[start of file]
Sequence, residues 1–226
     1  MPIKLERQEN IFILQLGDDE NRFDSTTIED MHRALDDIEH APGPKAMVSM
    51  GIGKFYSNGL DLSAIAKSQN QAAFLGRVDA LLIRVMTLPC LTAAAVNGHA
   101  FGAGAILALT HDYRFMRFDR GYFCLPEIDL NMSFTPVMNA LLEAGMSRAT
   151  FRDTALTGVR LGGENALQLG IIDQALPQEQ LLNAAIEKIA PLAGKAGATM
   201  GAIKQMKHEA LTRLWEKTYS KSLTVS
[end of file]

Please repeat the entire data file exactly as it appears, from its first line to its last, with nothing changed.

Sequence, residues 1–226
     1  MPIKLERQEN IFILQLGDDE NRFDSTTIED MHRALDDIEH APGPKAMVSM
    51  GIGKFYSNGL DLSAIAKSQN QAAFLGRVDA LLIRVMTLPC LTAAAVNGHA
   101  FGAGAILALT HDYRFMRFDR GYFCLPEIDL NMSFTPVMNA LLEAGMSRAT
   151  FRDTALTGVR LGGENALQLG IIDQALPQEQ LLNAAIEKIA PLAGKAGATM
   201  GAIKQMKHEA LTRLWEKTYS KSLTVS